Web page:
Taxpayers should know the 2017 optional standard mileage rates used to calculate the deductible costs of operating an automobile for business, charitable, medical or moving purposes. The standard mileage rate for business is based on an annual study of both fixed and variable costs of operating an automobile. The rate for medical and moving purposes is based solely on the variable costs.
While the 2017 business mileage rate decreased half a cent per mile from 2016, the medical and moving expense rates each dropped 2 cents per mile. Set by statute, the charitable rate remains unchanged. Effective Jan. 1, 2017, the standard mileage rates for the use of a car (also vans, pickups or panel trucks) is:
Believe it or not, there are some pet-related expenses which may be deducted from your taxes. Here is a summary of such expenses. And you thought all you were ever going to get out of this relationship was love, affection, and undying loyalty!
Taxpayers may include the expenses of buying, training and maintaining guide dogs used for assistance in cases of either reduced vision or hearing. This may include all necessary food, training, grooming and veterinary care. You may also deduct this expense if you’ve been diagnosed with a physical or mental condition that benefits from the attention of a trained therapy animal. Keep in mind that unless the animal is trained or certified as treatment for a diagnosed illness or condition, the IRS will disallow any deduction.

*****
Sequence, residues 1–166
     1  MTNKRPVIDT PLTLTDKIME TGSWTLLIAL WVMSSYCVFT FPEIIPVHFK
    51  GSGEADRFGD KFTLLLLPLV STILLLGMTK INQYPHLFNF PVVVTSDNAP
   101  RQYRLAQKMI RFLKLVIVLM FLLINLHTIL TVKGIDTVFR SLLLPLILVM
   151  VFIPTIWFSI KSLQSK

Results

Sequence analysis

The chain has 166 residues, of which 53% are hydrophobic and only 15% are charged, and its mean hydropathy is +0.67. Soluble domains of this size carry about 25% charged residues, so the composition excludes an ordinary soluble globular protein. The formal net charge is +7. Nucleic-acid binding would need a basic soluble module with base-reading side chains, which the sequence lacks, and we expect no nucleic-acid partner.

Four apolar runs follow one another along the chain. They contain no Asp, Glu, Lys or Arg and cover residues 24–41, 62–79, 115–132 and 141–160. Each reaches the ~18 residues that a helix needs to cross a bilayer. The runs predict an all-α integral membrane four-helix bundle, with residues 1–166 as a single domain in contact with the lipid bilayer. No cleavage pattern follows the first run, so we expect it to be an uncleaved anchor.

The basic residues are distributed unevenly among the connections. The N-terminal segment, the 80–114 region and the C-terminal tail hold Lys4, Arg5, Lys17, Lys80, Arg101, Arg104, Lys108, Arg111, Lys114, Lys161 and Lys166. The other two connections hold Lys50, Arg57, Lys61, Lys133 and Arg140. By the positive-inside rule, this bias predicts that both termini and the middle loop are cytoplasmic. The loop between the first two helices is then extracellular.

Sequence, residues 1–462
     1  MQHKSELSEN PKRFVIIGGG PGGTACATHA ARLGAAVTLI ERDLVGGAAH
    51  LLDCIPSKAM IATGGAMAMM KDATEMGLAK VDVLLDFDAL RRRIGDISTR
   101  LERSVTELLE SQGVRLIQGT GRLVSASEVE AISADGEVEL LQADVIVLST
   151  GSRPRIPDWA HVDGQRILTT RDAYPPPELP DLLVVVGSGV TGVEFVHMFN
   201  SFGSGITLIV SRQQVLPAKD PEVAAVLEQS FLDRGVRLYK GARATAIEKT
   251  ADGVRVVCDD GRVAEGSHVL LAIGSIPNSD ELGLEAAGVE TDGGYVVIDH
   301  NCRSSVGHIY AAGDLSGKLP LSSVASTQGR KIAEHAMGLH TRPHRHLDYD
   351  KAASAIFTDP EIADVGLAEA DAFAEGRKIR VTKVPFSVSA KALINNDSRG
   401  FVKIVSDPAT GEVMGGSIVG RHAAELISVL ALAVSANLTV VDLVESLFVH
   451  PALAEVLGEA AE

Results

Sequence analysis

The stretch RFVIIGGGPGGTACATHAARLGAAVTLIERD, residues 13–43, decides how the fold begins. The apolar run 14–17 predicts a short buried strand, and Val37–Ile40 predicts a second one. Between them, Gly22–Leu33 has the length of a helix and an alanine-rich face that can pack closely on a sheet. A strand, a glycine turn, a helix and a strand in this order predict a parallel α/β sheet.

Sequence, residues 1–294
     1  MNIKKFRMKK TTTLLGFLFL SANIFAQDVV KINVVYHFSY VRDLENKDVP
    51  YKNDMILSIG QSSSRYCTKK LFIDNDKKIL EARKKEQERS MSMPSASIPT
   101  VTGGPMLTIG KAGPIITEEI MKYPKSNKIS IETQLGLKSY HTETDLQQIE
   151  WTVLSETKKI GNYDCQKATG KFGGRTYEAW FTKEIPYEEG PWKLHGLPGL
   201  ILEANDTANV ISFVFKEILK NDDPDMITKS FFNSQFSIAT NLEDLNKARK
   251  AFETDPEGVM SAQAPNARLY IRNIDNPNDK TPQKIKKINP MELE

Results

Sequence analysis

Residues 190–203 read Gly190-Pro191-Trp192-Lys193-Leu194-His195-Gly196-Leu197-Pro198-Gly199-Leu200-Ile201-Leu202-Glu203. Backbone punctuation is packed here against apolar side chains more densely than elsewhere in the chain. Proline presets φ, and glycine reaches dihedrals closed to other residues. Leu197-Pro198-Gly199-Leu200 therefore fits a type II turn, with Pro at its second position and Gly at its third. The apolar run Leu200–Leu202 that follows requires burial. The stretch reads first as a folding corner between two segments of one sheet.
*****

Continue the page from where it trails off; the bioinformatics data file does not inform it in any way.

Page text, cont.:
All of us as taxpayers continually think we have a lot of expenses that we can itemize and deduct to help reduce our respective tax bills. But they come, they go, all for naught and no effect. The problem usually arises from the fact that our costs regularly fall just short of the required income thresholds for some categories of deductions. One solution is “bunching expenses,” which is a term used to describe incurring as many expenses as possible in a particular category during a particular tax year. Of course, doing this in one tax year will usually significantly diminish any chance of repeating it the following year.
Unsure of whether you should use the standard deduction amount, or take the time to itemize deductions? The answer is fairly straightforward; you should itemize deductions if your total deductions are more than the standard deduction amount. Also, you should itemize if you don’t qualify for the standard deduction. Taxpayers should initially calculate itemized deductions and then compare that amount to their standard deduction to determine which provides the greater benefit. A taxpayer may be subject to a limit on some itemized deductions if he or she exceeds the adjusted gross income limits.